If cars had karma one might wonder what on earth today’s Maserati 300S chassis #3060 had been upto in it’s previous life.
#3060 was originally sold to Maserati Corporation of America in October 1955 and the car made it’s debut at the 1956 Sebring 12 hours with Italian Cesare Perdisa and Argentinian Carlos Menditéguy at the wheel.
39 laps into the race the car was retired with accident damage, then on the way back to New York the trailer carrying #3060 was hit by a truck causing further damage.
By 1957 Maserati Corp of America had repaired the car and Dale Duncan drove #3060 to victory on the Little Switzerland Hillclimb at Euraka Springs. A week later Carroll Shelby then drove the car to the first of two consecutive victories first at Caumberland Airport and then a month later at Lime Rock.
Bob Butcher bought the car miway through 1957 and he scored a 2nd at Thompson before hiring Carroll Shelby to drive #3060 in the Road America 500 at Elkhart Lake where he finished 2nd.
It is believed that #3060 passed into the hands of Rallye Motors by 1959 and it is possible that #3060 was scheduled to be driven in the ’59 Sebring 12 Hours by Edwin P. Lawrence and James Cook. However there is at least one other 300S chassis, of a still extant vehicle, that Edwin was driving when he fatally crashed in practice.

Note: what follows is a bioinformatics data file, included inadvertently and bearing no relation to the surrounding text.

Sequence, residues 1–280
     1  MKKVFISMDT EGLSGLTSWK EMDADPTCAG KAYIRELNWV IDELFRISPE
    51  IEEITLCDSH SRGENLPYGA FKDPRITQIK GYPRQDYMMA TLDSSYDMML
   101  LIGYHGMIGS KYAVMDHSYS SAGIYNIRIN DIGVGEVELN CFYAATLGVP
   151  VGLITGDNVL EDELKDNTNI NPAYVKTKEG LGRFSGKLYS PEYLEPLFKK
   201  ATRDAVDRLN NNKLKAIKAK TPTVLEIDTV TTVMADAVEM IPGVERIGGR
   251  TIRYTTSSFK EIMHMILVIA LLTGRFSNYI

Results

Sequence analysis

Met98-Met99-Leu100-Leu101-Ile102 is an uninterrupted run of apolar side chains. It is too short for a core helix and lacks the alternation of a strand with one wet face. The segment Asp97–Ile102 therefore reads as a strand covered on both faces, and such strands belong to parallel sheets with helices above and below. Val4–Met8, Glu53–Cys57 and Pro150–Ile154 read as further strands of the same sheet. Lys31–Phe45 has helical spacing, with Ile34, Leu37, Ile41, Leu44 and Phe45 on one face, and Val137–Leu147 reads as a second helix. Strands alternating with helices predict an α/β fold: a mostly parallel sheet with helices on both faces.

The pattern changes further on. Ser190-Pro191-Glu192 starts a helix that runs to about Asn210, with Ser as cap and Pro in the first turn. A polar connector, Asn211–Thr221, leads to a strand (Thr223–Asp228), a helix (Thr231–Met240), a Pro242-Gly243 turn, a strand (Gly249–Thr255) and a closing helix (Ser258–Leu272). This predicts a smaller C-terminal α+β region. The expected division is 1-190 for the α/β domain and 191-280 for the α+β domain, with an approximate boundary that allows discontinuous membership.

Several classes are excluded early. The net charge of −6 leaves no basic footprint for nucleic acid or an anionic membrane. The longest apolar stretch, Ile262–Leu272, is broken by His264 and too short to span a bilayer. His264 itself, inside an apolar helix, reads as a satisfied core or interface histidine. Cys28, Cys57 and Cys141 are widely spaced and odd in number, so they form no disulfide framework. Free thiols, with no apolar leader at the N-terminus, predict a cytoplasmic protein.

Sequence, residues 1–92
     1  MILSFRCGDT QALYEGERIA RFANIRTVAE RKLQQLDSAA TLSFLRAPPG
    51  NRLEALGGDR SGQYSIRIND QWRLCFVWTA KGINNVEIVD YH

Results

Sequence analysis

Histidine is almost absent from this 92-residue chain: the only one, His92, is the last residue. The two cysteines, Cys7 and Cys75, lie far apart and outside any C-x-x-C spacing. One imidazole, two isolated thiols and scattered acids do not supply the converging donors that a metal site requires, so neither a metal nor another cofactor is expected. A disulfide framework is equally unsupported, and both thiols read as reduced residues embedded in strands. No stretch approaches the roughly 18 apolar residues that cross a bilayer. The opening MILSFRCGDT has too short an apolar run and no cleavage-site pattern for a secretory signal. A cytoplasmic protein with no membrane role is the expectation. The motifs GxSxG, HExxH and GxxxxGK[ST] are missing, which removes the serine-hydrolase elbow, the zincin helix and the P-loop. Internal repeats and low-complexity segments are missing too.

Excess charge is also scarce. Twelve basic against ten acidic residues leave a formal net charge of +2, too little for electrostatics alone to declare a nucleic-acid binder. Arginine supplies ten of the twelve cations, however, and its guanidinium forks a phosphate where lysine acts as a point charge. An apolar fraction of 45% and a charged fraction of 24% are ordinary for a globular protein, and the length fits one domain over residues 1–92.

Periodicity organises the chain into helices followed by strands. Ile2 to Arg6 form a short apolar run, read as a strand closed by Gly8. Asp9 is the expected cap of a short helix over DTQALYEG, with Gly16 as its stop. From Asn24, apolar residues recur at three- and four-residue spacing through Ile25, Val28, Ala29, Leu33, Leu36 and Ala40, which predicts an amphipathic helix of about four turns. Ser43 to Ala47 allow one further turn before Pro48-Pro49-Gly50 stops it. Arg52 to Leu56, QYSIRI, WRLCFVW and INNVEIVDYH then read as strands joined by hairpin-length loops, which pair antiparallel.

During the 1960’s #3060 was seen with a ‘ugly’ fibre glass body allegedly covering the original aluminium body, the chassis was also fitted with a Chevy V8 and GM Auto transmission.
The car was restored in 1991 and fitted with a motor that was assembled from ‘an amalgam of’ parts held by Cameron Miller. 1978 British Hillclimb Champion David Franklin is seen at the wheel of #3060 in these photographs during this years Goodwood Festival of Speed.
Thanks for joining me on this “The Corporation’s 300S” edition of “Gettin’ a li’l pshycho on tyres”, I hope you will join me again for a look at a Sultan’s Bugatti tomorrow. Don’t forget to come back now !